PDF files are text files with some binary fields in them, so you should be able to just open the two files in a text editor (or use more / vi / grep ) to inspect each. A file comparison tool might also help you discern whether Preview is re-encoding the assets in a sub-optimal manner.
Automator also has some PDF processing tools including compression, compression of images and rendering the pages as images. I would try exporting the resulting PDF from Preview and select the Quartz filter of "reduce file size" to see if perhaps that would reduce the size.
You can see several related questions where others have noticed this effect where the standard settings increase the size of some types of content.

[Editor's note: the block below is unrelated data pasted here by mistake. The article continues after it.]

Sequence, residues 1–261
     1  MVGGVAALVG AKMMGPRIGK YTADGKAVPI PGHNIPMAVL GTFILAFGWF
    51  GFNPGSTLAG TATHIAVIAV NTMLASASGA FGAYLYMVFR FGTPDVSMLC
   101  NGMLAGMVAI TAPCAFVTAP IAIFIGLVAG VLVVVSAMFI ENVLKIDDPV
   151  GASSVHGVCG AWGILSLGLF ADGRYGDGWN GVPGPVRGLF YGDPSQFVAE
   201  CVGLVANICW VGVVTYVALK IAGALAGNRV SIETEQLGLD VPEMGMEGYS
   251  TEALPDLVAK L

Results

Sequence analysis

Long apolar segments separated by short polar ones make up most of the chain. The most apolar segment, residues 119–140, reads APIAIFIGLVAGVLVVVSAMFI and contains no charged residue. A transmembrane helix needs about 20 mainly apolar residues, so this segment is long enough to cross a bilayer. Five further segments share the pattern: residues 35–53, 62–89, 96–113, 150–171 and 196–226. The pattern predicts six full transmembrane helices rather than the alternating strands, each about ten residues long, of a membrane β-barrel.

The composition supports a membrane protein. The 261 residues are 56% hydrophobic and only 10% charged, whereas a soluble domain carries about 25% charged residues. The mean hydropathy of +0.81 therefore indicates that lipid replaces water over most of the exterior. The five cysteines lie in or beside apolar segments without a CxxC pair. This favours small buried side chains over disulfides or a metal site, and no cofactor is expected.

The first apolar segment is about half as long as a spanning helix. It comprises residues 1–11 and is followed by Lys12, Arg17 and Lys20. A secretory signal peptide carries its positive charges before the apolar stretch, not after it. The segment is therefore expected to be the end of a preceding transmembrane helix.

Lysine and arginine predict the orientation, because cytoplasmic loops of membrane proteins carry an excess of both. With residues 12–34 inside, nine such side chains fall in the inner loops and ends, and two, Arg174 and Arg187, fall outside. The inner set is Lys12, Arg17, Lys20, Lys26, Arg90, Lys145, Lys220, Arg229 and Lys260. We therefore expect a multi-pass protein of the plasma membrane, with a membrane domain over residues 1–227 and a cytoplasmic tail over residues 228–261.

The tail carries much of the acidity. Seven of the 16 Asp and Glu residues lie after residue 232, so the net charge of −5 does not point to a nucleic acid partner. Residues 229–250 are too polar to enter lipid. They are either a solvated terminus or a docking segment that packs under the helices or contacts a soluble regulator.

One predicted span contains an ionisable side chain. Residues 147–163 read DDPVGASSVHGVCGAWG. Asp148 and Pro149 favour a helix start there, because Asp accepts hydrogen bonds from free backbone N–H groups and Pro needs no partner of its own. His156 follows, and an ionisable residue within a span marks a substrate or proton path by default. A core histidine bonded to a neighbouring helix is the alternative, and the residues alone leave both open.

As a postscript, a 35 page paper in ascii format weighing in at 950K is pretty efficient but also still an order of magnitude larger than some basic texts that are in the 60 page range even with illustrations on each page.
Take for example this book from Project Gutenberg - The Cat and the Mouse by Hartwell James and John R. Neill
- The plain text (UTF-8) and HTML versions are in the 70 kB range
- The ePub version is a sleek 45 kB with no images, but swells to 2.8 MB with images.
If I take the HTML version and inspect it in Safari, it's clear the 75 kB is just the main text/HTML file and not all the included images. Printing that page to PDF using Safari (which uses the same rendering engine as Preview) - I get a 3.7 MB file that can be compressed with Quartz reduce file size filter to 2.2 MB.
Hopefully these examples help you in deciding whether to generate all versions of your files in LaTeX or live with the libraries for PDF generation on OS X.